Aneeta Prem: The woman behind the ‘slave’ expose

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OBV speaks exclusively to Aneeta Prem, a long time friend of OBV who supported the OBV Magistrates Shadowing Scheme and has recently gained prominence for her charity’s role in releasing three women from 30 years of alleged slavery in south London.

Aneeta Prem founded the Freedom Charity four years ago in an effort to combat forced marriages and honour based violence in the UK. Prem, who has an interest in fighting human rights abuses, felt an organization was needed to end the injustice, or at least ease the victims’ sufferings.

The charity seeks to provide resources for young people to support one another and spread knowledge on family relationships. To help share information and support victims, the Freedom Charity runs school programmes and is active on social media websites, such as Facebook, Twitter, YouTube and to expand its audience.

The organisation also created a free App for smart phones to provide basic information on forced marriages for all ages. It includes guidance for friends of victims and advice for Members of Parliament in handling inquiries. The help button on the App connects people directly to the helpline and the GPS found in smart phones can help police track the victim if necessary.

The charity’s 24 hour, seven days a week Helpline is operated by trained professionals to help victims of forced marriage who are seeking assistance. The continuous availability of help increases people’s trust in the charity and Prem believes improves their likelihood to contact them.

Prem also published a fictional book, But It’s Not Fair, to provide insight about forced marriages and different cultures’ experiences. To date, the Freedom Charity has donated thousands of copies of the book to schools. Prem maintained that it is crucial to distribute them in schools in order to speak to students at an early age about the problems of forced marriage.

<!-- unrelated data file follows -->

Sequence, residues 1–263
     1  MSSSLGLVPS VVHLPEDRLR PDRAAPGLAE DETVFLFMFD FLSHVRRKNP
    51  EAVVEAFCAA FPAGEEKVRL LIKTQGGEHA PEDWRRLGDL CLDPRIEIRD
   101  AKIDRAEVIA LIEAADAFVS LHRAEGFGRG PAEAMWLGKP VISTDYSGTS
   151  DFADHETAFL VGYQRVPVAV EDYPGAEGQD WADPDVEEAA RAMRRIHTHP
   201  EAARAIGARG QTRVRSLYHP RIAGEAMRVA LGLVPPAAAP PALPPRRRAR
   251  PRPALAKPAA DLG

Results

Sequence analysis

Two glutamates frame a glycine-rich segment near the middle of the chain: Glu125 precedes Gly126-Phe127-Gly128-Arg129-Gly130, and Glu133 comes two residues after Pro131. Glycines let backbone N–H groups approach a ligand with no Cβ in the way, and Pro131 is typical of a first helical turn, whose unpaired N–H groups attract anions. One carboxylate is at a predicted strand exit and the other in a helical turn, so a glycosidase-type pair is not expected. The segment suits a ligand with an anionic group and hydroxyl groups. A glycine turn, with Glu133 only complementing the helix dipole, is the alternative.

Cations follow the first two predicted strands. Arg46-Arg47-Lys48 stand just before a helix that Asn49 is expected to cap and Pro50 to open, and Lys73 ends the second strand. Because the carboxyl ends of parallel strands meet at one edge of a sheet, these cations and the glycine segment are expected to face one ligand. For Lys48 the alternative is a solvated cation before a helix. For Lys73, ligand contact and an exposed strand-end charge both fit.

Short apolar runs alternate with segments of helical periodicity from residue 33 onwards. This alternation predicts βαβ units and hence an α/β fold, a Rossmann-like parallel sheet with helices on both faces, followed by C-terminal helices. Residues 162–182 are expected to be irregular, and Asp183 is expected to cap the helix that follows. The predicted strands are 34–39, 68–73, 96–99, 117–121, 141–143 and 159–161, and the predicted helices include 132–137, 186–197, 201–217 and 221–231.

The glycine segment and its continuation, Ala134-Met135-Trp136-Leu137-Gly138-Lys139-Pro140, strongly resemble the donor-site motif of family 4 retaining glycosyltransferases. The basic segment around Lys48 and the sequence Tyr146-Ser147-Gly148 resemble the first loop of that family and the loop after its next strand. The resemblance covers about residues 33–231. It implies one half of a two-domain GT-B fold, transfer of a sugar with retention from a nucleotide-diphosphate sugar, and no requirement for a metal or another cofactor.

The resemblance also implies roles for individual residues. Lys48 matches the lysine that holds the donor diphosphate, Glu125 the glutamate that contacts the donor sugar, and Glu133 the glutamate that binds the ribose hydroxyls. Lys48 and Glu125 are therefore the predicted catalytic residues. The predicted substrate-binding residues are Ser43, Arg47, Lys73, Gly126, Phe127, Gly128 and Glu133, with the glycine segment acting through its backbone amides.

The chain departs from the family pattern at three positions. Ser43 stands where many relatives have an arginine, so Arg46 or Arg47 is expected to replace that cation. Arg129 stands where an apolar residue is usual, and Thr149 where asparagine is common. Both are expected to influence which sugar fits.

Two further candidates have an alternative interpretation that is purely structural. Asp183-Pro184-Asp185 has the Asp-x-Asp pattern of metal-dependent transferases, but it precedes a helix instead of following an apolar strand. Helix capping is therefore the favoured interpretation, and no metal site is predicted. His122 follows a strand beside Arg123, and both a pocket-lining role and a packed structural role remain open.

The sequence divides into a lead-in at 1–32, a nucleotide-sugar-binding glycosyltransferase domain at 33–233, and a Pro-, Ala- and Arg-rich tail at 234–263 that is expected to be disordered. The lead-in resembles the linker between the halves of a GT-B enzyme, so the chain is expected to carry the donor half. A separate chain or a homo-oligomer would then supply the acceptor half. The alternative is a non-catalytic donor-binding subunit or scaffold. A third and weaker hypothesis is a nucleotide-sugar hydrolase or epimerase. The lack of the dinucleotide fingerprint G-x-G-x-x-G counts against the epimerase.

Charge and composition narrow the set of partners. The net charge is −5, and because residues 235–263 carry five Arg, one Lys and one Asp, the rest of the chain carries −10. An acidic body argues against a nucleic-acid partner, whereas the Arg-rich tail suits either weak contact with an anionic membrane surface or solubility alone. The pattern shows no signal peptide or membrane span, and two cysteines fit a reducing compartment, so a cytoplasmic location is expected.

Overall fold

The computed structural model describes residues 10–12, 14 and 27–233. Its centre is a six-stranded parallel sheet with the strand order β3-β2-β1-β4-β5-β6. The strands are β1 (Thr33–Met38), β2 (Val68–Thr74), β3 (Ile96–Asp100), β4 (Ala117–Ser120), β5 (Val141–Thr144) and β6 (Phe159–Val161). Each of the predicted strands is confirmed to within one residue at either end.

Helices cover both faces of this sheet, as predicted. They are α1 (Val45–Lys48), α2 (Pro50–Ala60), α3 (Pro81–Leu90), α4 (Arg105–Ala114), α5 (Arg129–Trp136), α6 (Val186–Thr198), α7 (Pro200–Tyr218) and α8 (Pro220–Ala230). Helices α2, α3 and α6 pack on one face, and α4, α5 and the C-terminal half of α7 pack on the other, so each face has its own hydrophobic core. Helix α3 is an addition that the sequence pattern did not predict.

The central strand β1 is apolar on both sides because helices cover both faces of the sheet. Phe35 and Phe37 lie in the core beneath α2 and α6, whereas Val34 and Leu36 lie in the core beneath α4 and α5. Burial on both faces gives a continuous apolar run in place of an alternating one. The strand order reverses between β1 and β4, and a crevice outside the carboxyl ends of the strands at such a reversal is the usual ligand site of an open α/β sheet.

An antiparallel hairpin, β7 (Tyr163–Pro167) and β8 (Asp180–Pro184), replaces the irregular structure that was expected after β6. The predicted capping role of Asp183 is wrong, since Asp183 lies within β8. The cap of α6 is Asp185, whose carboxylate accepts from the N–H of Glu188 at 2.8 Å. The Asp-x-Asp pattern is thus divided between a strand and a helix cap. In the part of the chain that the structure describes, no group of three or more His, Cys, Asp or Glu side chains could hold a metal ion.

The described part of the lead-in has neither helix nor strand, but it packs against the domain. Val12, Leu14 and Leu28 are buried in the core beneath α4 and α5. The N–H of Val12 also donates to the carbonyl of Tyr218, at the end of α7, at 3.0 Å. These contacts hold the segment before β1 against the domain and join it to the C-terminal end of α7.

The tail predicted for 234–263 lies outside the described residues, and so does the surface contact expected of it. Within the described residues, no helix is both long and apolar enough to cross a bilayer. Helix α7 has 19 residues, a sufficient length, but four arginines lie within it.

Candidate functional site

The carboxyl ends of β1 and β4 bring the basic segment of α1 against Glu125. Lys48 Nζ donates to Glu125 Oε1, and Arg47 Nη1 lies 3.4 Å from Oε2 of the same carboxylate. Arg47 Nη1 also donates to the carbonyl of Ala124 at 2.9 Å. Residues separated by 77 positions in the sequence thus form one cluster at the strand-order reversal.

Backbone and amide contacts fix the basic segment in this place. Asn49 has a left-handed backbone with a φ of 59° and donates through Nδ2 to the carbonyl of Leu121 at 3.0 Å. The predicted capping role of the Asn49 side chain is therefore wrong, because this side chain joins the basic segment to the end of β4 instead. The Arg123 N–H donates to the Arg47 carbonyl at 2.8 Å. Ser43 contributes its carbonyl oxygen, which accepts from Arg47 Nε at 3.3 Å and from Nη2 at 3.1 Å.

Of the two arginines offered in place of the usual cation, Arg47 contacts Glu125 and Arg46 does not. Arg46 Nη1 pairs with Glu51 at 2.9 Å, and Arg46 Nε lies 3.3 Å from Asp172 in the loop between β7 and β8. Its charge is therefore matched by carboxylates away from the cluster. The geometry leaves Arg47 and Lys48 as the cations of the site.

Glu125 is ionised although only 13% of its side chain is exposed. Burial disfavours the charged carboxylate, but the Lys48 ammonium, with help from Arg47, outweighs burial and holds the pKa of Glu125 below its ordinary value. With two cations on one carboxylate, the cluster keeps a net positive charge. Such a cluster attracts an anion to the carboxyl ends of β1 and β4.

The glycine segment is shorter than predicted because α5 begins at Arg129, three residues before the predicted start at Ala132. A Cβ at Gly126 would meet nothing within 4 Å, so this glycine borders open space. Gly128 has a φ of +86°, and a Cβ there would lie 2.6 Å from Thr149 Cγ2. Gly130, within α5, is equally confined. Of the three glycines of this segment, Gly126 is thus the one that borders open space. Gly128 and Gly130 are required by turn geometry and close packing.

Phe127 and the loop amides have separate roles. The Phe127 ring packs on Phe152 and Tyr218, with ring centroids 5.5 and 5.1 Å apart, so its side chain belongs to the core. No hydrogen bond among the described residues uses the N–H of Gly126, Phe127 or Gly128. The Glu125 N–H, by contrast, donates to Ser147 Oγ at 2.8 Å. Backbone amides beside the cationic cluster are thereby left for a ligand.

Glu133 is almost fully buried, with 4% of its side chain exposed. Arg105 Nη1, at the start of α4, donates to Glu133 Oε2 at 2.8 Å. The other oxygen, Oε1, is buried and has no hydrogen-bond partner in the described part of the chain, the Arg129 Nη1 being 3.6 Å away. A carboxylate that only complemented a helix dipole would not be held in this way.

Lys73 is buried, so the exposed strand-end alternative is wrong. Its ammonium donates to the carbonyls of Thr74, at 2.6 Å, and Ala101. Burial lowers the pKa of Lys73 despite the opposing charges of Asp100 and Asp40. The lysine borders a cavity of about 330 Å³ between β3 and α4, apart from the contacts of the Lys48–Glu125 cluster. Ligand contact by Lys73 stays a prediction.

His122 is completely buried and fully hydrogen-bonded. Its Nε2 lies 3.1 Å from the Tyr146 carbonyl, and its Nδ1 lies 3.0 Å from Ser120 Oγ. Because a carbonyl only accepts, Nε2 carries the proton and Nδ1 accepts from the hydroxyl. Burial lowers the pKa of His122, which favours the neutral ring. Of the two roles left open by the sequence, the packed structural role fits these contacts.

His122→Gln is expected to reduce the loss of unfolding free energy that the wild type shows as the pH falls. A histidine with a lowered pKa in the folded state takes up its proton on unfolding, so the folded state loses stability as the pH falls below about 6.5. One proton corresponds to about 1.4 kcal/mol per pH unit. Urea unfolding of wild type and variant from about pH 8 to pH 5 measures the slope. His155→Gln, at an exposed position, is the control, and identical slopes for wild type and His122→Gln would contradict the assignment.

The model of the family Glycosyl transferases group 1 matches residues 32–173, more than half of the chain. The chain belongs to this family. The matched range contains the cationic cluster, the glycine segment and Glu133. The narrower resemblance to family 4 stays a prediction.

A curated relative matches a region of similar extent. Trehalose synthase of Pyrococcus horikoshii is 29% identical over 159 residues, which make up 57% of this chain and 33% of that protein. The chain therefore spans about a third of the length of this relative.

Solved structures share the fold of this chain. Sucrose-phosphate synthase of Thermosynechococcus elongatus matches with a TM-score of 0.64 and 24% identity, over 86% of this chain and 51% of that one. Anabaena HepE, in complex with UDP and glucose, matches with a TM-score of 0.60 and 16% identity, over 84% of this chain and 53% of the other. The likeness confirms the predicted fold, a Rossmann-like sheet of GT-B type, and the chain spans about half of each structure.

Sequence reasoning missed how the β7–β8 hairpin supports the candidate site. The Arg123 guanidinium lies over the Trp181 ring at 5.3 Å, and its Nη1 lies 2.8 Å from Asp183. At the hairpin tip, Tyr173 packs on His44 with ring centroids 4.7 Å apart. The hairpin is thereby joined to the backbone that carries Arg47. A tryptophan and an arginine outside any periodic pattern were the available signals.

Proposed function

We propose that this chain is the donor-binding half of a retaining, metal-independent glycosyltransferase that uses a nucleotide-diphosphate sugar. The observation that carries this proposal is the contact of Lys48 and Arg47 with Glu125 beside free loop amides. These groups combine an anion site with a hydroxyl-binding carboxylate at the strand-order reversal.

She said:

Young people need to realize they have the power to stop any kind of abuse.”

The book allows the topic to be accessible to a broader audience. With an increase in awareness, Prem hopes more people will seek help through the organisation.

The charity has been in the spotlight recently because of its involvement in rescuing three women who were held captive in a home for more than three decades. One of the victims contacted the organisation after seeing Prem in a news segment about forced marriages.

Prem explained that the intense media coverage has led to an increase in the number of phone calls to the direct line. She said fundraising support is needed in order to expand their resources to meet new demands.

To work towards achieving their mission, Prem explained members of her organisation partner with the public sector frequently. These include working with the police forces and the National Council of Women to expand their ability to prevent future occurrences and support the abuse victims.

Recently, they have united with the Forced Marriage Unit to make forced marriage a criminal offense. With enough support from the government, the law will hopefully be implemented in the spring of next year, Prem says.

She insisted on the urgency in addressing the issue, saying “doing nothing isn’t an option”.

We treat every call as a last chance call. People trust us to make a difference in their lives, so we have a huge responsibility.”

To learn more about the Freedom Charity and how you can help their efforts, please visit http://freedomcharity.org.uk/

Nilay Tuncok

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